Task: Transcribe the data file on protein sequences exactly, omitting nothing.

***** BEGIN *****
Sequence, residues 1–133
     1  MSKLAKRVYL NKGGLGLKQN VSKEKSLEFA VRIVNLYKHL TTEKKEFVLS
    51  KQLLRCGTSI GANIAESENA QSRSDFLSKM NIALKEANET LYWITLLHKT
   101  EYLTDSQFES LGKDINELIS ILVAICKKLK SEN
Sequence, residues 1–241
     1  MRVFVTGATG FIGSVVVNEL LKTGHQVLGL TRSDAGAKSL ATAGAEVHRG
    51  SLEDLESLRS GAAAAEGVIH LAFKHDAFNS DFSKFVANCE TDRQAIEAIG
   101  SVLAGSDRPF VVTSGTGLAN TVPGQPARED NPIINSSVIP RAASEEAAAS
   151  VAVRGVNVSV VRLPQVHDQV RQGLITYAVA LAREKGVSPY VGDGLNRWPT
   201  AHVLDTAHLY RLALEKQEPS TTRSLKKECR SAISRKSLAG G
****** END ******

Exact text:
Sequence, residues 1–133
     1  MSKLAKRVYL NKGGLGLKQN VSKEKSLEFA VRIVNLYKHL TTEKKEFVLS
    51  KQLLRCGTSI GANIAESENA QSRSDFLSKM NIALKEANET LYWITLLHKT
   101  EYLTDSQFES LGKDINELIS ILVAICKKLK SEN
Sequence, residues 1–241
     1  MRVFVTGATG FIGSVVVNEL LKTGHQVLGL TRSDAGAKSL ATAGAEVHRG
    51  SLEDLESLRS GAAAAEGVIH LAFKHDAFNS DFSKFVANCE TDRQAIEAIG
   101  SVLAGSDRPF VVTSGTGLAN TVPGQPARED NPIINSSVIP RAASEEAAAS
   151  VAVRGVNVSV VRLPQVHDQV RQGLITYAVA LAREKGVSPY VGDGLNRWPT
   201  AHVLDTAHLY RLALEKQEPS TTRSLKKECR SAISRKSLAG G